Archive for the ‘language’ Category

Zipf’s Law – what on earth is that?!

In the 1930s, the American psychologist and linguist George Kingsley Zipf developed a model to describe word frequency and probability distribution in texts. This is regarded as the beginning of so-called quantitative linguistics – yes, mathematicians can have fun with words too. Zipf’s law derives from this model and, having not lost its relevance, still provides conversation fodder for linguists today. The so-called Zipf distribution also plays a not altogether read more…

A hunt for clues: What are planned languages?

Most of us have probably heard of Esperanto. But what actually is it? And what are Esperanto and other planned languages actually used for? A hunt for clues. Definition Planned languages are languages which have been artificially constructed. So far so good. In contrast to natural languages – German, English, Wolof or whatever – these languages are conceptualised on paper and haven’t developed naturally in the last (couple of million) read more…

Lost in translation: 7 ridiculous film title translations

Hollywood films enjoy a very high level of popularity in German-speaking countries. However, in Germany, unlike in Scandinavian countries for example, the films are not released in the cinemas in their original language – they are dubbed. This means that more often than not, the original titles are changed and the translated titles differ a great deal from the original. In many cases, the English title is actually replaced with read more…

Black snow and purple eyes – multi-coloured idioms from different cultures

What would life be without colour? Colours play an important role in society and culture. They are also associated, whether knowingly or unknowingly, with a diverse range of meanings, which vary greatly according to each cultural sphere. The perception of colours in different cultures is especially evident in the use of proverbs and idioms. Did you know, for example, that in Spain a physical altercation results in a purple eye read more…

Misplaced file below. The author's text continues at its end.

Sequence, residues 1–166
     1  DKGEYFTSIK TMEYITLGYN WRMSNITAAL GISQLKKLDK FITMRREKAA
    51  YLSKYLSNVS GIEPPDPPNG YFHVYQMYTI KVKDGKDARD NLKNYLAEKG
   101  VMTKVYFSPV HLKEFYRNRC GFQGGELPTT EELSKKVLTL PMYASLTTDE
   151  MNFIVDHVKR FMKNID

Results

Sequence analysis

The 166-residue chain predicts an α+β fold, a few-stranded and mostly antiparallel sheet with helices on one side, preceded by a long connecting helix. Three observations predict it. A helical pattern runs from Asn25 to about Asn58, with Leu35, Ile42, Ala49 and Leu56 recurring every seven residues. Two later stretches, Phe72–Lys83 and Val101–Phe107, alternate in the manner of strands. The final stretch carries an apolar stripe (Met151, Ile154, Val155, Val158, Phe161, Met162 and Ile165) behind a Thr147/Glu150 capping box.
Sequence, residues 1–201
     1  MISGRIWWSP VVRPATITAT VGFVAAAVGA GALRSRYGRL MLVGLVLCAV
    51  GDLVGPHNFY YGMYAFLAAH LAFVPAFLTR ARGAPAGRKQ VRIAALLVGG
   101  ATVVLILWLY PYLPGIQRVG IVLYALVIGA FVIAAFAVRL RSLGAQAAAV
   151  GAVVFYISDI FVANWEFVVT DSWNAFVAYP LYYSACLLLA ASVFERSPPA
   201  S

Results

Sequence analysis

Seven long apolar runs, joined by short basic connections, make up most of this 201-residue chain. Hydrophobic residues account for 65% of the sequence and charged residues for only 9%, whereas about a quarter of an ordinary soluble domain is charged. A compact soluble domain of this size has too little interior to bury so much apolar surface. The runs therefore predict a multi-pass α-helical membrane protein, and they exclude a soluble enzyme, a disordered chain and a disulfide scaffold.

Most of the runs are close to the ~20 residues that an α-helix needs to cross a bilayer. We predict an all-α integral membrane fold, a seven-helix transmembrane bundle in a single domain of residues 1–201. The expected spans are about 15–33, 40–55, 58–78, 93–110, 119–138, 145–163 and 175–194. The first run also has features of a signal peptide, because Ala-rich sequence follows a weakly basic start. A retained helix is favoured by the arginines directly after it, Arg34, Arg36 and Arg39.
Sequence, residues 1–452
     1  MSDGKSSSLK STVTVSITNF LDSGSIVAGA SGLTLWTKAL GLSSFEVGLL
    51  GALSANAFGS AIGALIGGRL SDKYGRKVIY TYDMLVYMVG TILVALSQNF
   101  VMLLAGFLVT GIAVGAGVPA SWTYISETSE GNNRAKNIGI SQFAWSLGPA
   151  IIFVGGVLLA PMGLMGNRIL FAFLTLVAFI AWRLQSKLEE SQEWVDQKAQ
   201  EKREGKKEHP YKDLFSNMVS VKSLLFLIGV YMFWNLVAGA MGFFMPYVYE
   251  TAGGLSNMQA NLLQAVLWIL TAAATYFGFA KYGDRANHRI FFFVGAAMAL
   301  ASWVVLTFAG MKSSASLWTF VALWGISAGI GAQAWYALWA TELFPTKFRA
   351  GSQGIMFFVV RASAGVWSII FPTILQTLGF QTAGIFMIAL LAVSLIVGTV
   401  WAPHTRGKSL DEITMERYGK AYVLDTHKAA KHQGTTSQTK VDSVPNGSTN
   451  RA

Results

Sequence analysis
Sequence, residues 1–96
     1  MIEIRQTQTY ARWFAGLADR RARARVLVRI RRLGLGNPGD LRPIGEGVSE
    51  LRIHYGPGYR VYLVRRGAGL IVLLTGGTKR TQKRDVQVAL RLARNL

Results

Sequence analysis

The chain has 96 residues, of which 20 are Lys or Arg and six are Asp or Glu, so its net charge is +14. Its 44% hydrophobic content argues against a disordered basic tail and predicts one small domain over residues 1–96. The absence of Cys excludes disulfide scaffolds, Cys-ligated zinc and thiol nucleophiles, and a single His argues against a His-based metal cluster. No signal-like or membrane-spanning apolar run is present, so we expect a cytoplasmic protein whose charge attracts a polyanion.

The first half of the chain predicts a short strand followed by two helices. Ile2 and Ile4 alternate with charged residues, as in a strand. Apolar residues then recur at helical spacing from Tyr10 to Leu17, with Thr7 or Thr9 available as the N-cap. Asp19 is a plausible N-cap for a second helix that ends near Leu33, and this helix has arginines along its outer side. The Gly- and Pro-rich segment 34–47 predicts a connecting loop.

Bonzur, ki maniere? – The Creole Languages

They are called Gullah, Kreol morisien, Ngola, Chabacano, Nubi, Negerhollands or Unserdeutsch and are as varied as the languages out of which they emerged. We’re talking about Creole languages! Who speaks them? Where are they spoken? How did they develop? Come with us this week on an expedition into the world of these exciting languages!

The Last of their Kind – Languages Facing Extinction

“Haatelk Wäilkuumen!” –You have just been greeted in Saterland Frisian, a dialect spoken in a relatively small area in North-East Germany. According to differing estimates, Saterland Frisian is still used by just 1500 to 2500 speakers in the municipality of Saterland, in the district of Cloppenburg, North Germany. Saterland Frisian is only one of approximately 3000 languages that are, to a greater or lesser degree, endangered. Get to know a read more…

The joy he gets from interpreting sets him apart – an interview with Gabriel Aquilino

The lingoking team has chosen Mr Gabriel Aquilino as service provider of the month for October. We really appreciate his hard work. He is a highly qualified interpreter who can keep his cool in even the trickiest of situations and works very professionally. Many congratulations on your nomination as service provider of the month!